Two weeks ago, with the removal of Eric Schmidt as CEO of Google and his replacement by Larry Page, Ben Horowitz wrote a fascinating article comparing CEOs to Tom Hagen: there are wartime CEOs and peacetime CEOs; Schmidt was peacetime, but Google is entering the wartime phase in the world of social. By all accounts, Page is obsessed with catching up on social, and has even made it part of every employee’s compensation plan. Google is fearful that Facebook and its ilk in the social network world are going to undercut its search business, or, at the very least, its expansion space.
I fear that Google is right on concept, but wrong on strategic targets. Google should be concerned only with threats to its core business, search, not with a general “well, people like social.” People like pizza, too; pizza joints do not threaten Google’s business. Search is about finding information, the value of which is directly proportional to the size of the dataset with the answer. In many ways, PageRank is built on that very concept (and was written up in James Surowiecki’s book “The Wisdom of Crowds”) – the more people (or pages) point to something the more valuable it is. In search, the reverse is also true: the more data points you can query, the more answers you can retrieve and the more likely correct and relevant answers. To provide a broad a dataset as possible, Google has invested untold billions creating massive infrastructure to scan and index broad swaths of the Internet. Competing with Google head-on is so hard because of the sheer cost in time and capital to replicate that amount of data.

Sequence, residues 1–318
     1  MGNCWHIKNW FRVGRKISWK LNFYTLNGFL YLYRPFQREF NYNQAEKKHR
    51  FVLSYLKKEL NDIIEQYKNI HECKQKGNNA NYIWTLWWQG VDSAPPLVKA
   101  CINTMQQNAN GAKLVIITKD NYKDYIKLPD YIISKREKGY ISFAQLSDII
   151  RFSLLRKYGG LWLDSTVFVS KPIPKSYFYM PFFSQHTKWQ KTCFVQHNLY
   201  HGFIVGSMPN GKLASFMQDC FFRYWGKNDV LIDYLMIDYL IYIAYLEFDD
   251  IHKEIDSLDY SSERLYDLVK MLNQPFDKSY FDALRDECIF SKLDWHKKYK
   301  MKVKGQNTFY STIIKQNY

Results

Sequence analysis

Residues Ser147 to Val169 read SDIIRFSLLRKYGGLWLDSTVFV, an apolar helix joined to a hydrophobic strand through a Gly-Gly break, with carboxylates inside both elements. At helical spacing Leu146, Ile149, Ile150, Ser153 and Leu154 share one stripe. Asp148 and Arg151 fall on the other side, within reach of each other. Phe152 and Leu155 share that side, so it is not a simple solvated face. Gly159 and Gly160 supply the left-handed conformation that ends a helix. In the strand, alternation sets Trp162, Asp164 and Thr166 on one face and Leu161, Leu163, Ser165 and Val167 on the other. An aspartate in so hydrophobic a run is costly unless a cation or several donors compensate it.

The question, then, is if any competitor in social can get a similarly broad data set, but at dramatically lower cost.
Facebook is about sharing information with friends. If friends – however broad a circle – was all there was to search, Google never would have come to prominence in the first place. Facebook cannot replicate the massive amounts of relevant data, and so cannot provide significant amounts of search data except for those that people would already ask their friends, e.g. “where is the best local pizza joint?”, but on a somewhat wider scale. Thus, Facebook does not directly threaten Google’s search business.
The question, then, is who in the social world is getting massive amounts of data and links to, well, everything, and thus provides a real threat to Google, not just in terms of usage, but in its ability to get that data at a significantly lower price point, thus giving it greater scaling ability.
It is primitive, it does not provide structured results in the right way, but Twitter is gathering massive amounts of data on everything, assigning relevance based on tweets, retweets and follows, and is doing so by outsourcing its “cost of scan” to the end-user. If I were Larry Page, it would be Twitter that would keep me up at night.